The Koitajoki Area has a diverse specie population. The area's vegetation and animal species in the area reflect the ruggedness of the terrain. The area offers a habitat for numerous threatened species, such as beetles, polyporous mushrooms and flies that live on decaying wood as well as a habitat for birds.

Koivusuo Strict Nature Reserve

Koivusuo Strict Nature Reserve was established in 1982. All of Koivusuo Mire is not within the strict nature reserve as half of it is ditched so that peat can be produced there. Koivusuo Strict Nature Reserve was established as a research area in order to help preserve Eastern Finland's mire and forest landscape in as natural a state as possible. Visitors may only enter the nature reserve and move within it along marked hiking trails.

Koivusuo Strict Nature Reserve. Photo: Maarit Similä

Koitajoki

The River Koitajoki, which is 20 km, winds through the area. Smaller rivers Asumajoki, Alajoki, Niemijoki, Sammalpuro and Hanhipuro flow into the River Koitajoki. The river was probably formed 10,000 years ago during the Ice Age.

The River Koitajoki has many twists and turns. Photo: Markku Tano

The River Koitajoki is part of the Vuoksi water way system of which only part is within Finland's borders. The river is scenically enchanting with its low rapids and sandy hilled shoreline. The river bed makes swift twists and turns along its course. The river banks and their vegetation are given variation by the separate and partially paludified little pools which mark the old course of the river bed.

Mires and Backwoods

The Koitajoki Area stands out from its surrounding areas with its old-growth forests and mires which are in their natural state. Though the area's water areas are not large in proportion to the area's overall size the River Koitajoki's significance landscape-wise is indisputable. The area's terrain is considerably level. The highest hill tops rise to 220 metres and the area's mires are about 170 metres above sea-level.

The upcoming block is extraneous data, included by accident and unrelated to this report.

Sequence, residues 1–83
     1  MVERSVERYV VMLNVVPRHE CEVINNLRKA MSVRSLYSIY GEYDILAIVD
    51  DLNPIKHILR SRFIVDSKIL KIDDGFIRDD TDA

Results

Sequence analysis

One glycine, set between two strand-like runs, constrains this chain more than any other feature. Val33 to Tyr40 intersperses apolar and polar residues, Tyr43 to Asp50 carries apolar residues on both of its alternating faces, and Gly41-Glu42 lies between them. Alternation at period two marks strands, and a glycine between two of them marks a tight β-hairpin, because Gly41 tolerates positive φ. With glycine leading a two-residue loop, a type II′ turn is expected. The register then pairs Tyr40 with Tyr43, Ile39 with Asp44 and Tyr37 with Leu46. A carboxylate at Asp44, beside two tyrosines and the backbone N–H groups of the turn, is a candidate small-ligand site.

The area's landscape is dominated by mires, which cover almost 2/3 of the area. Most of the mires are in their natural state, which means they have not been drained of water by ditching. The Koitajoki Area is situated in the transition zone where northern aapa bogs and southern raised bogs meet. There are indeed vast examples of both in the area and Koitajoki's mire vegetation is a mix of northern and southern features. The landscape at Koitajoki is rugged because almost half of the protected area's mires are tree-filled, mainly pine bogs. Part of the present day reserve has previously been used for commercial forestry. The forests and mires in these spots are now being restored to their natural state (www.metsa.fi). Koitajoki is part of the LIFE-Nature project Karelia Mires and Virgin Forests - Pearls in the Chain of Geohistory (ec.europa.eu).

Old-growth Forests and Decaying Wood

One third of the Koitajoki Area is covered by forest. The area differs from its surroundings with its 150 year old trees. Old-growth forests thrive especially along the River Koitajoki at Koitajokivarsi, in Koivusuo Strict Nature Reserve and in forest islets in Ruosmesuo - Hanhisuo. The forests are pine dominated, but there are also some spruce forests here and there.

Usually the older the forest the more dead decaying wood there is. Decaying wood in spruce and pine forests is the ideal habitats for many polyporous fungi and beetles. The species living on decaying wood play their own role in the forest: they return nutrients tied within the dead trees to nature in a form that they can be used by other plants. Polyporous fungi include mushrooms which get their nutrients while causing wood to decay. Only a small portion of the fungi, the fruit body, is visible on the outside surface of the tree, while most of the fungi lives within the tree.

Publications of Koitajoki Area (julkaisut.metsa.fi).